The internet never forgets

Posted: March 18, 2011 in opinion/news, tech
Tags: , , , ,

Cross posted at the Minority Report:

The internet has had a liberating impact for humanity. It allows the average person access to more information faster than kings and presidents of old. It is a platform for everyone from Charlie Sheen to protesters in Egypt to express themselves.

The internet is also unforgiving. The teenage girl who decides to make a few hundred bucks posing unclad in front of a camera may find that image googled during a job interview. The intemperate e-mail sent in anger will find itself forwarded to thousands. And if you choose to make threats, don’t think you will be able to hide behind an assumed name. A great example of this took place on St. Patrick’s day last.

During the late unpleasantness in Wisconsin, blogger Ann Althouse (who lives in the area) and her husband Lawrence Meade provided invaluable coverage, interviewing protesters and providing video that showed what was actually happening. It allowed millions to bypass the MSM who choose to whitewash the protests and their aftermath.

Opponents of Governor Walker, unable to filter Ann’s coverage were unhappy. One in particular, incensed at the videos, posted a threatening outburst so profane it was an effort to find a usable piece:

NOTICE – YOUR CITY OF MADISON PRIVILEGES HAVE BEEN REVOKED.

MADISON IS A #WIUNION CITY AND WE ARE MADISON. Did you really think this could go on forever? That you could sit on the steps of our house, walk the streets of our city, lie about us to strangers, tell gun-toting rednecks from out of state and the Northwoods how depraved and deserving of punishment we are all while maintaining plausible deniability for any of the consequences that your actions might cause?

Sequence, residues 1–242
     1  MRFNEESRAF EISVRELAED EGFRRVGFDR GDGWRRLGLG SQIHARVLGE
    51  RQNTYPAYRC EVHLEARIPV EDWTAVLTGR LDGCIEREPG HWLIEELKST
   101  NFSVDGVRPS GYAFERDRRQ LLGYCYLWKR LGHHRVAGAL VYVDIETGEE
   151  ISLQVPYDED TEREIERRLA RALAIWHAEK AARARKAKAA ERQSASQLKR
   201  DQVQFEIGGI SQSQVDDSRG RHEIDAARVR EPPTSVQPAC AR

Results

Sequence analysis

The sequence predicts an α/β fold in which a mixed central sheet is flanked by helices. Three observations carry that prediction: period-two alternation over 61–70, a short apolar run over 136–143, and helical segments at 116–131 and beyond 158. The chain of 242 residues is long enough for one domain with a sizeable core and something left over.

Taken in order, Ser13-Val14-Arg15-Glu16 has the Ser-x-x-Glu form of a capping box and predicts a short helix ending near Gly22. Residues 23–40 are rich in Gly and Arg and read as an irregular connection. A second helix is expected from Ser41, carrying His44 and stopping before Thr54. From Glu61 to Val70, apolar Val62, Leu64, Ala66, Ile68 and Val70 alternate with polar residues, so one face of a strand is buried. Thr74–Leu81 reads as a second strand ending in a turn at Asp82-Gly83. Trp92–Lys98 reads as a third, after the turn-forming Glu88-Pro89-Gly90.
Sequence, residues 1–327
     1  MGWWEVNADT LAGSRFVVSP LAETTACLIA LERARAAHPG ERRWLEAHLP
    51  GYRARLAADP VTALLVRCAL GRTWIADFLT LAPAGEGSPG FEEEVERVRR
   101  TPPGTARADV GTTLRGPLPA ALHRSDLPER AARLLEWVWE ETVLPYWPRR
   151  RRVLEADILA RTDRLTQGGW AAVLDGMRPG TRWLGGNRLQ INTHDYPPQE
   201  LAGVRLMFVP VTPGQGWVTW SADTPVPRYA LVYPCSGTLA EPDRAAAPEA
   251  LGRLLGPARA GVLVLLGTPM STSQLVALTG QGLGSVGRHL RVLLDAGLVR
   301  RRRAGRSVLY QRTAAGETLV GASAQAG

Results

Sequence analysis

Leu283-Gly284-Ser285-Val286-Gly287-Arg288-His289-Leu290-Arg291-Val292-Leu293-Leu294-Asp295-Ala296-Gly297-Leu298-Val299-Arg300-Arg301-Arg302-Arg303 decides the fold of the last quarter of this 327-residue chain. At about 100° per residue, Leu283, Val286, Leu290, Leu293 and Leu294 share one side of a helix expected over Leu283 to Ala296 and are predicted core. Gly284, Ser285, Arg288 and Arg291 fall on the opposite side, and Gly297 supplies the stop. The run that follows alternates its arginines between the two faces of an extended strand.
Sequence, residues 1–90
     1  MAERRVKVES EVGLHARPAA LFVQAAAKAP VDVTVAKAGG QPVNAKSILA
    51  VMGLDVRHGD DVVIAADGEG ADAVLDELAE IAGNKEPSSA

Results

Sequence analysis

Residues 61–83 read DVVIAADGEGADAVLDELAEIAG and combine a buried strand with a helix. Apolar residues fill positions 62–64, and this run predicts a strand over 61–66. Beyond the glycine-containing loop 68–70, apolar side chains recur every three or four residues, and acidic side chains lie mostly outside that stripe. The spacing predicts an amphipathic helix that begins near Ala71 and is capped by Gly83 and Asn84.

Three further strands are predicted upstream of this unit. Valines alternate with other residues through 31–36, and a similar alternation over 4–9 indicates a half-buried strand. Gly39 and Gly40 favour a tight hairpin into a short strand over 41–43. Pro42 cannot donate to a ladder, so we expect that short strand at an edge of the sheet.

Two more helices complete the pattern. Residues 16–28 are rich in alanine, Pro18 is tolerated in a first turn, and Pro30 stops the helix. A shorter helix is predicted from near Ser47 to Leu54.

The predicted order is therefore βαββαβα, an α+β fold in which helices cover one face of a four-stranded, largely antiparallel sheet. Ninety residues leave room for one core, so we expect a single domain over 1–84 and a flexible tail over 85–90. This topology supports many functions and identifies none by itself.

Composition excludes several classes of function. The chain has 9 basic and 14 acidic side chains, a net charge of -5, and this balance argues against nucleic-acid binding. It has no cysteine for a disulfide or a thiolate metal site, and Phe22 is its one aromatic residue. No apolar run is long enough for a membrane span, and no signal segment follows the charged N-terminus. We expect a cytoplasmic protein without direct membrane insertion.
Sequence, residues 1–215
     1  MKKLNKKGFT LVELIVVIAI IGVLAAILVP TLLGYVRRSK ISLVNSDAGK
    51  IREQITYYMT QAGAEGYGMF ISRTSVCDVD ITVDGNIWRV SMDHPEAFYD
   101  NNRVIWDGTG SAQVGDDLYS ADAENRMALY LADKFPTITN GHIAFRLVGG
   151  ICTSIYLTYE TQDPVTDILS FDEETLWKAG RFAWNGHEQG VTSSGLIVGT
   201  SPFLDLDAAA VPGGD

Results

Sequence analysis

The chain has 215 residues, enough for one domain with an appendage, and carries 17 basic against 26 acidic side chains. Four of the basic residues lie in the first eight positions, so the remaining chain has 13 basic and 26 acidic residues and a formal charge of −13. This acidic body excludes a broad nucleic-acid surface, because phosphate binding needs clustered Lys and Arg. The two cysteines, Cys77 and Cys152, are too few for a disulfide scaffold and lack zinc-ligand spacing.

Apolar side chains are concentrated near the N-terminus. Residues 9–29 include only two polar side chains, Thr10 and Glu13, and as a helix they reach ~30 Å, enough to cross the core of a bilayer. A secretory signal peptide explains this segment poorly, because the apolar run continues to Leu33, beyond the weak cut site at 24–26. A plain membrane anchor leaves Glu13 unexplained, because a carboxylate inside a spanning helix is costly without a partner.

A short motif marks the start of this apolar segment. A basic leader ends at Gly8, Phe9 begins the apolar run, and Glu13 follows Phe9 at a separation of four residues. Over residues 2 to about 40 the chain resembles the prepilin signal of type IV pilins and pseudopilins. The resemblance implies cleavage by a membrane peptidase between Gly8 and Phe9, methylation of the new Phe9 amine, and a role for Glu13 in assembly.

Ann being Ann instantly linked to the anonymous rant at 1:43 p.m. It drew 531 comments. It was linked by Instapundit at 4:53 p.m. At 6:39 p.m . Robert Stacy McCain went to work with more than ten updates and links to bloggers who were able to trace the author of the threats , a fellow named Jim Shankman, to the point where by 9 p.m. he had this to say on facebook:

Because of a right-blogosphere campaign to silence me, I have been forced to commit Identity Suicide. I have never supported or advocated violence for any purpose other than self-defense against terror attacks by the armed wing of the American Right….

Elapsed time from the initial link from Althouse to the exposure of this person’s identity: Under 8 hours, a single shift at work.

Forgetting the unreality of his self-pitying response (take a second look at the rant he made and reconcile it with the paragraph above) consider that even if he escapes prosecution for the threats he made, from this point on he will be publicly known for an attempt to silence and intimidate free speech. It’s already begun as Investors business daily has picked up the story.

The internet empowered Mr. Shankman’s ability to speak, but it does not restrain him from speaking intemperately if he choose to do so, nor does it protect him from the consequences of those words forever associated with him.

As Stacy McCain concluded :

You can blog anything you want, under any name you want, but if you think you can do attack-blogging anonymously, you’d better think twice.

This lesson is important to all. The internet is forever. It empowers both the wise and the foolish. Make sure that you are not among the foolish before you hit the post or the send button.

Update: Dan Riehl has an interview with the gentleman in question and Ann Althouse reacts with pity rather than anger. The “unemployed google” line above seems rather apt.

Comments
  1. […] day I said the conservative blogosphere is sort of like an extended family. Just like any family, we don’t take kindly to others mistreating one of our own. There was so much attention paid to this story online that even IBD picked up on it. It’s a […]

  2. the internet and it’s social networking tools work as a Darwinian tool just a bit, do they not?